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Man gets jail for coaxing suicides

FARIBAULT, Minn. (AP) — A former nurse who helped persuade two people he met online to kill themselves was sentenced Wednesday to nearly a year in jail, a punishment tailored to force him to return to jail each year for a decade to spend the anniversaries of his victims’ deaths behind bars.

William Melchert-Dinkel was convicted of two counts of aiding suicide under a rarely used Minnesota law. Prosecutors said he posed online as a suicidal nurse and encouraged a Canadian woman and a British man to commit suicide.

Judge Thomas Neuville’s sentence was less than the maximum 15 years Melchert-Dinkel could have gotten for each count. Neuville officially sentenced Melchert-Dinkel to six-and-a-half years in prison — but stayed execution of that sentence, meaning Melchert-Dinkel will go to prison only if he violates terms of his probation, which includes the jail time. He’ll be on probation for 15 years.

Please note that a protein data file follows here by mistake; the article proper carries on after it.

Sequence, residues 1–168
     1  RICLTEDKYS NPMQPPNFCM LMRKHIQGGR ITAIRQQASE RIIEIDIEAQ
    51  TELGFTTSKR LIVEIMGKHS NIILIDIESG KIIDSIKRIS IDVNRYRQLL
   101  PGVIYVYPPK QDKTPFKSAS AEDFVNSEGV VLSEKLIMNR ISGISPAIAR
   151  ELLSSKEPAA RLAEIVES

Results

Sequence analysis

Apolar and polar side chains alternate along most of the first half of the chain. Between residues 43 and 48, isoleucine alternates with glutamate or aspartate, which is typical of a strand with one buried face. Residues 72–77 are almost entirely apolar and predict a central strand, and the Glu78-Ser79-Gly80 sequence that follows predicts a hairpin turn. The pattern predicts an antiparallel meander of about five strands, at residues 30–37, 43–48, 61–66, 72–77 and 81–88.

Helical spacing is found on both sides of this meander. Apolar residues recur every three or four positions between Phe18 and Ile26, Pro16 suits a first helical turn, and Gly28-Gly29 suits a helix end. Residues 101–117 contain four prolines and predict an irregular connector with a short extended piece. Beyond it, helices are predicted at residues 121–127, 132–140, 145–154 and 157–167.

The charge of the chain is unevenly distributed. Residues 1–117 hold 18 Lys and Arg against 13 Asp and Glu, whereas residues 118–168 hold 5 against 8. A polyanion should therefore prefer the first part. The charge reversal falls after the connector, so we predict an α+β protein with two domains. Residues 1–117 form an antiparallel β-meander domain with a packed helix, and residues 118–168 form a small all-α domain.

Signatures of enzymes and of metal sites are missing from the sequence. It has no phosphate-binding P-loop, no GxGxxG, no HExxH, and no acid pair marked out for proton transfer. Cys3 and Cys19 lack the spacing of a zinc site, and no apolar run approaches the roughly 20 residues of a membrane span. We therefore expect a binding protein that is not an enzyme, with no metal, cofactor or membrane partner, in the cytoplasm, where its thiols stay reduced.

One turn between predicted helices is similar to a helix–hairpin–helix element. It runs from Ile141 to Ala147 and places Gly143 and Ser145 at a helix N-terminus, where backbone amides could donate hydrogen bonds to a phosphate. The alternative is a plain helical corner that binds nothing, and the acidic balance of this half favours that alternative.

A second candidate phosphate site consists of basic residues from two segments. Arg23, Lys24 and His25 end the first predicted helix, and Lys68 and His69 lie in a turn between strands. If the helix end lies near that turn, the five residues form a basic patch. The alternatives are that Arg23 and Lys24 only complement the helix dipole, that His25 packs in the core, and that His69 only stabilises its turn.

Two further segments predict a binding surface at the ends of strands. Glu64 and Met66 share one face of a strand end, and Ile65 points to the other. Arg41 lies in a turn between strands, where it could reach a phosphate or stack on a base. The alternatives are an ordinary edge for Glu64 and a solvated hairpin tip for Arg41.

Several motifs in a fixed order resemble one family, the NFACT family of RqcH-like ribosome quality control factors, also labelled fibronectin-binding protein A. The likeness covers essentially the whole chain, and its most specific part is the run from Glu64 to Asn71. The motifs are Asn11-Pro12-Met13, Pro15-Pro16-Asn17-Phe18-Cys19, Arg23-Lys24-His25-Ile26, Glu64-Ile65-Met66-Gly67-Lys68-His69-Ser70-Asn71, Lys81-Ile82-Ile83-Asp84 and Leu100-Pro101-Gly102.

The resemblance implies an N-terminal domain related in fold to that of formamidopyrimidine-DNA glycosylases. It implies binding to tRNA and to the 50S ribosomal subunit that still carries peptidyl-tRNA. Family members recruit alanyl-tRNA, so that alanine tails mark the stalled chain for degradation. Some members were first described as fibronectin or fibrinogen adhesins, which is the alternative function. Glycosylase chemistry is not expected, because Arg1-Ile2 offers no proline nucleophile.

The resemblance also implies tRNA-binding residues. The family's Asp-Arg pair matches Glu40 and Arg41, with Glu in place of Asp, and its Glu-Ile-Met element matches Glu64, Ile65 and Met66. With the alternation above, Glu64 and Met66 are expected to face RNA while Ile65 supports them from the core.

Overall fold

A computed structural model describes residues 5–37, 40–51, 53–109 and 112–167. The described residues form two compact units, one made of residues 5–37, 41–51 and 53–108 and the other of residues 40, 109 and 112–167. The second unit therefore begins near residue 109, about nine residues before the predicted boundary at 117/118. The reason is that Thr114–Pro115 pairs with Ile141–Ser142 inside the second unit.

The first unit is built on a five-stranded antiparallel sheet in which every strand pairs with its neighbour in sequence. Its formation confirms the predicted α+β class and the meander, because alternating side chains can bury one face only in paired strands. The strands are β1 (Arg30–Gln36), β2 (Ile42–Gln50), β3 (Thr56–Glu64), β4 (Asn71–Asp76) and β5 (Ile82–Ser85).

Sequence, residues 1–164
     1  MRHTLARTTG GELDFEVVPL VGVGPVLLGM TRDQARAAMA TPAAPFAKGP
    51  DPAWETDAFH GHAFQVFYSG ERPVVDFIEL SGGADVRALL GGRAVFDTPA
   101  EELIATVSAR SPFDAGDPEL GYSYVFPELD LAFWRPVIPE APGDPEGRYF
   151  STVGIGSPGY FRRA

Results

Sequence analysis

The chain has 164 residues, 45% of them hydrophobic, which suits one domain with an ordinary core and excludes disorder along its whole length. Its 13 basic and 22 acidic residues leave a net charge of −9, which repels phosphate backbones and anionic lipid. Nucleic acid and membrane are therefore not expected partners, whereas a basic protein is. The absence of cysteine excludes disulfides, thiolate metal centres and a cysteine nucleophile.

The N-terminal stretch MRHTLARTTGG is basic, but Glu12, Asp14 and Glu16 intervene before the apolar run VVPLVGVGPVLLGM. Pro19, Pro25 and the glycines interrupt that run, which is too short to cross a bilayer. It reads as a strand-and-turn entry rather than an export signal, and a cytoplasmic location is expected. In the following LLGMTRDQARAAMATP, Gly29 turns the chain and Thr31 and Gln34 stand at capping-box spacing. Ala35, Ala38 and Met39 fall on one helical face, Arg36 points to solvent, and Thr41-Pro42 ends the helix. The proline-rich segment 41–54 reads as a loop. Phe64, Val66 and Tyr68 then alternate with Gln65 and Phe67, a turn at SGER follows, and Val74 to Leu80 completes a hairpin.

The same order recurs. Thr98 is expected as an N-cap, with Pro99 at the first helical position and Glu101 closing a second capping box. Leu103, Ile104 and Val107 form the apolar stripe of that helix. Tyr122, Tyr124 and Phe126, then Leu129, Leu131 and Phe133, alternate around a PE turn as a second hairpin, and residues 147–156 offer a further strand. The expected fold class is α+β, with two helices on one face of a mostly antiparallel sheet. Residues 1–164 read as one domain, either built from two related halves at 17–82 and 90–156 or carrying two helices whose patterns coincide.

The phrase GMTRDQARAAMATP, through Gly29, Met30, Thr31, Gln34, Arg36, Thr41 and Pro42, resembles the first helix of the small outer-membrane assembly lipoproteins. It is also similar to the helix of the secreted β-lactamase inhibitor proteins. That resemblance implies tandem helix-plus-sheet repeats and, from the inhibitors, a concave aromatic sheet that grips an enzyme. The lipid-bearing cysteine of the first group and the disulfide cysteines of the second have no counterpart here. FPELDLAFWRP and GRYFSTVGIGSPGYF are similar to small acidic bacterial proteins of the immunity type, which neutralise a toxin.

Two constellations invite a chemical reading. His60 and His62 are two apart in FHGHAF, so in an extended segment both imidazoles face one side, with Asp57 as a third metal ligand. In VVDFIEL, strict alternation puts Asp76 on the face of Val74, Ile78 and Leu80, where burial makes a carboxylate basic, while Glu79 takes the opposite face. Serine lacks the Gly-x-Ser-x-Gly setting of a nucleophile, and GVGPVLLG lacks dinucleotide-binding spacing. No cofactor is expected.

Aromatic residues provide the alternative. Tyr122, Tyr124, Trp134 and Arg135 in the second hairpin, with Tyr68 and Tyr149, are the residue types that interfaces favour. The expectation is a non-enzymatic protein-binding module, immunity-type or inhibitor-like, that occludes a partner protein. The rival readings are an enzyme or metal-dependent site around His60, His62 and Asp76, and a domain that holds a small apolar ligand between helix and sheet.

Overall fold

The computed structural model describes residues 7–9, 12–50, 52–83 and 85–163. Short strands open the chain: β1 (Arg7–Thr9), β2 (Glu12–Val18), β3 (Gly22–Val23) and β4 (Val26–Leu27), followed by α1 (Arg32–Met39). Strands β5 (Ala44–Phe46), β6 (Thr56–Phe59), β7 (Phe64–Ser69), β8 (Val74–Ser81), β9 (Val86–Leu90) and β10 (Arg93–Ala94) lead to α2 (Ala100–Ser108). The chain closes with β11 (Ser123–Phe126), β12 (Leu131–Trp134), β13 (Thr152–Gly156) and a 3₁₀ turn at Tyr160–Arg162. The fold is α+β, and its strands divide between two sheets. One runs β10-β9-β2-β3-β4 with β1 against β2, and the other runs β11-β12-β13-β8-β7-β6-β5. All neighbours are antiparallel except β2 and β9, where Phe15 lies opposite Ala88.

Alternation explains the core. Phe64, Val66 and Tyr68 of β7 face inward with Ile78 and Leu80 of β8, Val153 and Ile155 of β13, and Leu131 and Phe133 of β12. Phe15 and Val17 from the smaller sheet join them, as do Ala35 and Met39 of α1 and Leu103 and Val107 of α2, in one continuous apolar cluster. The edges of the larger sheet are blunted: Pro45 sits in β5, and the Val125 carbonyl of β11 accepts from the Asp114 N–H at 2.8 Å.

Neuville compared Melchert-Dinkel’s conduct to stalking, describing it as calculated, intentional, and fraudulent. But he also said that while Melchert-Dinkel’s conduct was directly related to the deaths, he wasn’t the sole reason the victims took their lives.

Melchert-Dinkel declined a jury trial, leaving Neuville to decide whether he was guilty. He was convicted in the death of 32-year-old Mark Drybrough, of Coventry, England, who hanged himself in 2005; and 18-year-old Nadia Kajouji, of Brampton, Ontario, who jumped into a frozen river in 2008.

He was ordered to start serving his jail sentence June 1. But his attorney had promised to appeal the convictions on free-speech grounds. If that appeal is filed before June 1, Melchert-Dinkel would remain free as his appeal is pending.

The judge structured the sentence so that Melchert-Dinkel would serve an initial 320 days, then be freed. Over the next 10 years, he would have to serve two-day spells in jail on the anniversaries of his victims’ deaths.

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